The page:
The Restless Wave
John McCain
Contributed by Nina Calhoun
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Chapter 10

In this chapter, McCain delves into his personal life, with a keen interest in his health. Being in the Senate is very demanding, and in most cases, it entails long traveling which can often be physical straining. Before he was diagnosed with brain cancer, McCain reports that many times he felt extremely weak and sickly. When he went to the Mayo Clinic for regular checks, he did not expect that the outcome would be indicative of a serious medical condition. Even after learning that he had cancer, McCain was not deferred from his duties. McCain’s reaction to his serious medical condition is quite abnormal in comparison to how many people would take such news. He asks that “We’re in the middle of a big health care debate, and there will be votes I can’t miss. How soon can I go back?” The senator remained undeterred with the revelation that he had cancer, despite knowing his disease was the same disease that killed his friend, Ted.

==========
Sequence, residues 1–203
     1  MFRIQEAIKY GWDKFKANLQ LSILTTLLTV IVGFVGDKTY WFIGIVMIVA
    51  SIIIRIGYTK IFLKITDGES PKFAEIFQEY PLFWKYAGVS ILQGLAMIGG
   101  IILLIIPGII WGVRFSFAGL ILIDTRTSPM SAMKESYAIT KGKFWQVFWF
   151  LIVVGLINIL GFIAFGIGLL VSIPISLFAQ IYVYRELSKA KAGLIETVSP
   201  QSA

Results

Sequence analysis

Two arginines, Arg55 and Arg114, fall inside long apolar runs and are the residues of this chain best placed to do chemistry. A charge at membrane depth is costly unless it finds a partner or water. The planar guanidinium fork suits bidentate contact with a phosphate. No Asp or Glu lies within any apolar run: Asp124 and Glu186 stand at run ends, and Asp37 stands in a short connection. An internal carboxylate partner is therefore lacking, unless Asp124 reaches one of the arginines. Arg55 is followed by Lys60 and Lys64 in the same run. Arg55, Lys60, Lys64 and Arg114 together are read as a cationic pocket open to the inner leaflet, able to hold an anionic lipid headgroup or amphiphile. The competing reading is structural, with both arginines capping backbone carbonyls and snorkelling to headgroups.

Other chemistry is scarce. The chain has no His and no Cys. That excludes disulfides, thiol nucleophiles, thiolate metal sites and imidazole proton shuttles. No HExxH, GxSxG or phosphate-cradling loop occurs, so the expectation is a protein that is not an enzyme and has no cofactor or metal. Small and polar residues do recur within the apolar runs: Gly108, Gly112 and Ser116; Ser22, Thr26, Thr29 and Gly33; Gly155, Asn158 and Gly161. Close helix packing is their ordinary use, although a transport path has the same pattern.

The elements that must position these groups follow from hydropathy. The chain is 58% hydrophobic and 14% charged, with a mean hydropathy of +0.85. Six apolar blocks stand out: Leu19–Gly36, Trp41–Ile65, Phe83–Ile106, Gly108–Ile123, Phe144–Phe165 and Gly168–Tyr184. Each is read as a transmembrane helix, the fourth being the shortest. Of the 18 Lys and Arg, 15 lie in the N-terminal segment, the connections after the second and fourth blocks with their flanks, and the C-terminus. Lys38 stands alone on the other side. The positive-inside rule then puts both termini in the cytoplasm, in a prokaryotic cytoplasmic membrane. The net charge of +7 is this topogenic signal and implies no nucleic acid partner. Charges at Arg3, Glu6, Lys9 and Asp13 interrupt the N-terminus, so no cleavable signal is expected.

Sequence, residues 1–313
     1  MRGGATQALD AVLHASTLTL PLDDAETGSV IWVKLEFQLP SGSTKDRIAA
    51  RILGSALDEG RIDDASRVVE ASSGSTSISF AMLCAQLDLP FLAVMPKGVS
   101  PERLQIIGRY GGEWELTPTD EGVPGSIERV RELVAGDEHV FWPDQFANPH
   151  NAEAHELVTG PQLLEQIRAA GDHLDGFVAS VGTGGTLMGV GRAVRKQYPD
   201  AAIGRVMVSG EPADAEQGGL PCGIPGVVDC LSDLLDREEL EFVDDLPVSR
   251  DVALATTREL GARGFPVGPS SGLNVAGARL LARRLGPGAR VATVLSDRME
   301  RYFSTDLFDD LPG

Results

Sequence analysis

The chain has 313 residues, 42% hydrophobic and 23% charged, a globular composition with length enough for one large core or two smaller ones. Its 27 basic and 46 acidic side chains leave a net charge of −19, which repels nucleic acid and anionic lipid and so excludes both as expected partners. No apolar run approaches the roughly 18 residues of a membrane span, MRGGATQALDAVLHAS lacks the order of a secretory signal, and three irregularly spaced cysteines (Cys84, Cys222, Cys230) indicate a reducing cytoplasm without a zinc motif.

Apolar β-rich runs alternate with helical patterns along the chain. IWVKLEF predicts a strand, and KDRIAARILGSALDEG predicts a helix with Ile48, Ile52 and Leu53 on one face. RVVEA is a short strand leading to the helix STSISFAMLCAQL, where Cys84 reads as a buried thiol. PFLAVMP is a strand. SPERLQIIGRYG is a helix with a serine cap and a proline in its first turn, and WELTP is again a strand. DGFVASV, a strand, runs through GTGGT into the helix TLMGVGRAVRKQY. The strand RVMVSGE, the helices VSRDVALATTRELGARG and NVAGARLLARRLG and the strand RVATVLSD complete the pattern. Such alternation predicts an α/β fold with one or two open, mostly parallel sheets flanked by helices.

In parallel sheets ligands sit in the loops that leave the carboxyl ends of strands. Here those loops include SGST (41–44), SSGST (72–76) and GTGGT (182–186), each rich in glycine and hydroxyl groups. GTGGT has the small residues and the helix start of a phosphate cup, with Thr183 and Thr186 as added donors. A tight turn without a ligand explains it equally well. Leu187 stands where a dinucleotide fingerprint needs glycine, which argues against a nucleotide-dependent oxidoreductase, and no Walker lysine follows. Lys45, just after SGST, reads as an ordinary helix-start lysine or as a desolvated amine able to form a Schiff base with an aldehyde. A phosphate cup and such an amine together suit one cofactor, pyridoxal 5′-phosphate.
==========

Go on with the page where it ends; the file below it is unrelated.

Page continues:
Being diagnosed with cancer, particularly brain cancer, is not a light matter as it is physically and emotionally taxing. The thought of having cancer alone is enough to send some people to the grave. When McCain was diagnosed with brain cancer, it was an outcome he had not anticipated. Since he had only complained of fatigue, the thought of brain cancer was not even in his wildest imaginations. Impressively, McCain demonstrated an unrivaled level of courage when diagnosed. He was committed to continuing with his responsibilities to the nation. While effectively executing his responsibilities, it appears that the disease did not have any effect on his psyche. Perhaps this incredible mental strength that kept McCain going when many might with his condition may have given up hope or simply quit.

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